For more than 100 years, the advertising agencies of automobile manufacturers have faced a conundrum: 'The car's not so great, so the advertising has really got to be great to sell it!'
So what happens when the car looks like it's going to be great, when the reviews from journalists are sensational, when dealers have the car on delivery waiting lists? Shouldn't all the advertising be as great as the car - or maybe even better? I think it should.
That's why the new Lincoln LS advertising, particularly the TV spots, was, to put it bluntly, disappointing.
The LS looks sensational inside and out. But the Young & Rubicam Lincoln brand team, now on the Left Coast, appears to have succumbed to the dreaded malady Cinecommunicationitis in the production of the new commercials.
You know the symptoms. The TV creative concept is just OK, so the spot is packed with special digital effects, most of them pretty cheesy.
Two commercials were produced: a 60-second spot called 'Surprising Journey,' and a 30-second spot called 'Water Droplets.' I think the viewer is going to have a hard time understanding the message or even realizing that these are commercials for the new Lincoln LS. Production techniques override - no, overwhelm - the thin creative concept.
What's being sold?
The opening sequence sets the puzzling tone of the longer commercial. It starts with a wide shot of a person playing a concert grand piano. This scene morphs into a compact disc, which a female passenger puts into a car's CD player. Then we see the driver shifting gears, driving along the highway.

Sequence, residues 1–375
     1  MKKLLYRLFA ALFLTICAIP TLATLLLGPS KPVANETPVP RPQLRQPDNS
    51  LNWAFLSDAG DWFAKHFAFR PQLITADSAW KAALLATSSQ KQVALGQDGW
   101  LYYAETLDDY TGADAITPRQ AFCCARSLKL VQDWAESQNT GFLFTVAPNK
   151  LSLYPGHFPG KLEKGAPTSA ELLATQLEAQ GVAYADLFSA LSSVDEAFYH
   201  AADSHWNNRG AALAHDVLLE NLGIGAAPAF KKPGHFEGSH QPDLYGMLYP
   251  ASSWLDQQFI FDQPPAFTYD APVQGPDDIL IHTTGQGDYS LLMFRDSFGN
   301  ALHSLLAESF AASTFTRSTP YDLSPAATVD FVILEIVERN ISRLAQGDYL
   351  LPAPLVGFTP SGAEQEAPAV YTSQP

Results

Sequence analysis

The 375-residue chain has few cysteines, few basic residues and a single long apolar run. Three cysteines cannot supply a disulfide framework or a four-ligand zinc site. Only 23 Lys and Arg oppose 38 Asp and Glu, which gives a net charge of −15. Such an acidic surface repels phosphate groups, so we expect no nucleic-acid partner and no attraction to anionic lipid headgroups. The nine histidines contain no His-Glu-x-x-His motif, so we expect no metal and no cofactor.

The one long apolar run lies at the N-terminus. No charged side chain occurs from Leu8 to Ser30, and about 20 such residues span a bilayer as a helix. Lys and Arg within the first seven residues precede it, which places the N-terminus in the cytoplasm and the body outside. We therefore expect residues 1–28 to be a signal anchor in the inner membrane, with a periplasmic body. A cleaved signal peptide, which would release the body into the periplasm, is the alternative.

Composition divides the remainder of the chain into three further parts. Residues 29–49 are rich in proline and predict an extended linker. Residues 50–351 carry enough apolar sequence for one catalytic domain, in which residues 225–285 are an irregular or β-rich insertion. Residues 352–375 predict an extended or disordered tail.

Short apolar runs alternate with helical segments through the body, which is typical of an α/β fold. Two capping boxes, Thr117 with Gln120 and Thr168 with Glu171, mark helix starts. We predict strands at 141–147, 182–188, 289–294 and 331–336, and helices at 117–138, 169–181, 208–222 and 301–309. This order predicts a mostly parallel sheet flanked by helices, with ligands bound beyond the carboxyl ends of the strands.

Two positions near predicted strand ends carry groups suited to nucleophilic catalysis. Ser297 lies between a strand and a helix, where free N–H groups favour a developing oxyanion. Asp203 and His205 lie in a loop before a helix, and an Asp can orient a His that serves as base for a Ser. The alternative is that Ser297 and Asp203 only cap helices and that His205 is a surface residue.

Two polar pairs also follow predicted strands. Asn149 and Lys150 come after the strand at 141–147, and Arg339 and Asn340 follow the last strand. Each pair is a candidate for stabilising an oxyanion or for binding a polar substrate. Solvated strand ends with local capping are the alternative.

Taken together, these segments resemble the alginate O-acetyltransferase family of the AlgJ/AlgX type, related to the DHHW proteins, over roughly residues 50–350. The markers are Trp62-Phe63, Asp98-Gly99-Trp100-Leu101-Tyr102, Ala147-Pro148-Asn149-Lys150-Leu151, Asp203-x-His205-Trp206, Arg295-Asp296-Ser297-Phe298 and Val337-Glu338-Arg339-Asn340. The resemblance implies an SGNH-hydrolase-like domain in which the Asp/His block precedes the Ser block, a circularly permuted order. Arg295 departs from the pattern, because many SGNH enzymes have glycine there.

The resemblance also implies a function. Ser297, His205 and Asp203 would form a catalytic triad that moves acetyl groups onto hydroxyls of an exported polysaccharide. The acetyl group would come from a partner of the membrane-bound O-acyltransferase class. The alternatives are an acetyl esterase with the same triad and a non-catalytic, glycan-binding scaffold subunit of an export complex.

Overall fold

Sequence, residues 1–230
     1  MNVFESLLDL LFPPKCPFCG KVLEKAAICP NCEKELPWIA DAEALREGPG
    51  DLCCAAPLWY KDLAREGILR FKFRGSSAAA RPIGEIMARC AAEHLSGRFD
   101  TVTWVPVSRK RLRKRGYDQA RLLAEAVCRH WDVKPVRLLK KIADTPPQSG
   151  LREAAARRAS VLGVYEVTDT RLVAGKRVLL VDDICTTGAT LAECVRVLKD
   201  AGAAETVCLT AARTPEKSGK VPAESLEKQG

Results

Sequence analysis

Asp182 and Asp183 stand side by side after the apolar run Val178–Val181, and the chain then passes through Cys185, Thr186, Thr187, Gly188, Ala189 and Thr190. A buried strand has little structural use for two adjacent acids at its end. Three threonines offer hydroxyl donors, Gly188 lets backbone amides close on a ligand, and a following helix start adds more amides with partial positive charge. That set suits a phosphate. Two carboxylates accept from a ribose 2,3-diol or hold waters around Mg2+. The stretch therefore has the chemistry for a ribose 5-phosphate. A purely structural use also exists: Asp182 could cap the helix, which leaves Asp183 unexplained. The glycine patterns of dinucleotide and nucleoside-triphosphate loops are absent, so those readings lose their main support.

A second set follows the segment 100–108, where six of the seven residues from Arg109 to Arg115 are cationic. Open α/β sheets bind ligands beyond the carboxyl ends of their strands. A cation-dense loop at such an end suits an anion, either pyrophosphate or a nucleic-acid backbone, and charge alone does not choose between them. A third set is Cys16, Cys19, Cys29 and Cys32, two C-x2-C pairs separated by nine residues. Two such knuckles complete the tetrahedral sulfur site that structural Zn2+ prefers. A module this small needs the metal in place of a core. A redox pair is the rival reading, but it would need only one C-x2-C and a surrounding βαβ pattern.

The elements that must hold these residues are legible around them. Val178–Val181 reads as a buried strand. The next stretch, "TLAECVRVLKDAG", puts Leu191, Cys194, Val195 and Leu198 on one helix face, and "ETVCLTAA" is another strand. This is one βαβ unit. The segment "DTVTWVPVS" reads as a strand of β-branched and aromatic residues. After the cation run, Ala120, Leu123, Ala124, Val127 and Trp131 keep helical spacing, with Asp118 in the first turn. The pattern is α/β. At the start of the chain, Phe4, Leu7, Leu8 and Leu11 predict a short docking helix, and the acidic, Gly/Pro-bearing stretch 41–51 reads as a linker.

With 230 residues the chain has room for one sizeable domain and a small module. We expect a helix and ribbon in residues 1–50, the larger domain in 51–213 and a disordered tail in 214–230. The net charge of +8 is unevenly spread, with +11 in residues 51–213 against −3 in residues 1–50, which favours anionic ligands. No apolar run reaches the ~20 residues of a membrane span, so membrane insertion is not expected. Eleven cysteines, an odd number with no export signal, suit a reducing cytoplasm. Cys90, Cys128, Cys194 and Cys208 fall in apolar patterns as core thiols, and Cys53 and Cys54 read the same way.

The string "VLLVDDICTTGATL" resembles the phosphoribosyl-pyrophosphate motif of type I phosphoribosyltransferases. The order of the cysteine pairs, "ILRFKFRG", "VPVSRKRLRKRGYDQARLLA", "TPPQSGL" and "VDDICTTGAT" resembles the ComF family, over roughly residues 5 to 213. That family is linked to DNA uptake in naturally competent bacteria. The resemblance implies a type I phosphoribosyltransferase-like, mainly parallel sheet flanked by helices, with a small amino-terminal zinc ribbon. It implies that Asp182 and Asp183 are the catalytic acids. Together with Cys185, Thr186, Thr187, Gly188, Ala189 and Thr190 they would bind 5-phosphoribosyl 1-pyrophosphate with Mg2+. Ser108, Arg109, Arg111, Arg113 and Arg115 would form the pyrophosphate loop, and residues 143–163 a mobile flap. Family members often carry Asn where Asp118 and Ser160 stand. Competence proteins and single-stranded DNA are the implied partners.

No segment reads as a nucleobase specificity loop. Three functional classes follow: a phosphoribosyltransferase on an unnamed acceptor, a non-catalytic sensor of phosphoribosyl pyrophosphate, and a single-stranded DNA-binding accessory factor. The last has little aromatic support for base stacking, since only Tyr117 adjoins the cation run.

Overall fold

The sequence has a smooth effect, but what is being sold? A piano? A CD? Maybe the CD player? Oh - it's a car. But which car?
There has been no mention of Lincoln at all. In fact, there was no copy. Just music.
Then the spot goes through a series of mind-numbing morphs, transitions and segues. From the previous driving scene, the spot moves through the turret of an old castle. This becomes a chess piece on a game board in the club car of a train. The spot then moves to an exterior shot of the car running past the European train, which becomes part of a model train layout. Then the car appears rounding a curve in what appear to be the Swiss Alps.
OK - now they're selling real estate, or chess sets, or was it a seat on the train? A trip to Europe? I was mystified, confused, bewildered.
As the commercial ends, the voice-over gives you the first mention that this is a Lincoln.
The copy? It's not Valley-speak but equally vapid and inane. It's sparse, spare and - like a bad tire - it's flat. The key words used to sell the new LS are 'wood,' 'leather,' 'adrenaline.' That's motivational? That's inspirational? That sells a car? Give me a break.
Shorter is better
The 30-second spot is better but only because it's shorter. It shows extreme close-ups of raindrops changing to a car driving along the Pacific Coast Highway. There is an interesting move to the tachometer, but it has the same copy and tag line. Otherwise - YAWN.
By the way, Lincoln's new corporate line is used for the first time, 'America's Luxury Car.' Then why does it look like the commercial was shot in Europe? I am confused, and I think most other people will be, too.